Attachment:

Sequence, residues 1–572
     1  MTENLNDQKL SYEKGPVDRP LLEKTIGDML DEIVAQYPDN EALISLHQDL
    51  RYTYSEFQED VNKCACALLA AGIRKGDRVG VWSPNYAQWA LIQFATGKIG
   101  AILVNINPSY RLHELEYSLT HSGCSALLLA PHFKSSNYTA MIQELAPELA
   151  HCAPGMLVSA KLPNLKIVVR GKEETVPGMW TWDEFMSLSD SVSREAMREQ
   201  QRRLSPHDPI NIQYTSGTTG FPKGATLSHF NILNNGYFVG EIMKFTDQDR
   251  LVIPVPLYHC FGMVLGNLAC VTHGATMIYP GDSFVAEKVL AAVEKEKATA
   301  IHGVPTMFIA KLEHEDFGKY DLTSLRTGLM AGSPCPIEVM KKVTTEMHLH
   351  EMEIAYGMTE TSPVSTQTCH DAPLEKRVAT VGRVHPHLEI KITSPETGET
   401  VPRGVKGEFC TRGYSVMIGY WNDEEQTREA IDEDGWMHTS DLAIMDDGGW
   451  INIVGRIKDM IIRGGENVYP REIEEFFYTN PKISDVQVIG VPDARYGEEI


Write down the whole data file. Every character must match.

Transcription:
Sequence, residues 1–572
     1  MTENLNDQKL SYEKGPVDRP LLEKTIGDML DEIVAQYPDN EALISLHQDL
    51  RYTYSEFQED VNKCACALLA AGIRKGDRVG VWSPNYAQWA LIQFATGKIG
   101  AILVNINPSY RLHELEYSLT HSGCSALLLA PHFKSSNYTA MIQELAPELA
   151  HCAPGMLVSA KLPNLKIVVR GKEETVPGMW TWDEFMSLSD SVSREAMREQ
   201  QRRLSPHDPI NIQYTSGTTG FPKGATLSHF NILNNGYFVG EIMKFTDQDR
   251  LVIPVPLYHC FGMVLGNLAC VTHGATMIYP GDSFVAEKVL AAVEKEKATA
   301  IHGVPTMFIA KLEHEDFGKY DLTSLRTGLM AGSPCPIEVM KKVTTEMHLH
   351  EMEIAYGMTE TSPVSTQTCH DAPLEKRVAT VGRVHPHLEI KITSPETGET
   401  VPRGVKGEFC TRGYSVMIGY WNDEEQTREA IDEDGWMHTS DLAIMDDGGW
   451  INIVGRIKDM IIRGGENVYP REIEEFFYTN PKISDVQVIG VPDARYGEEI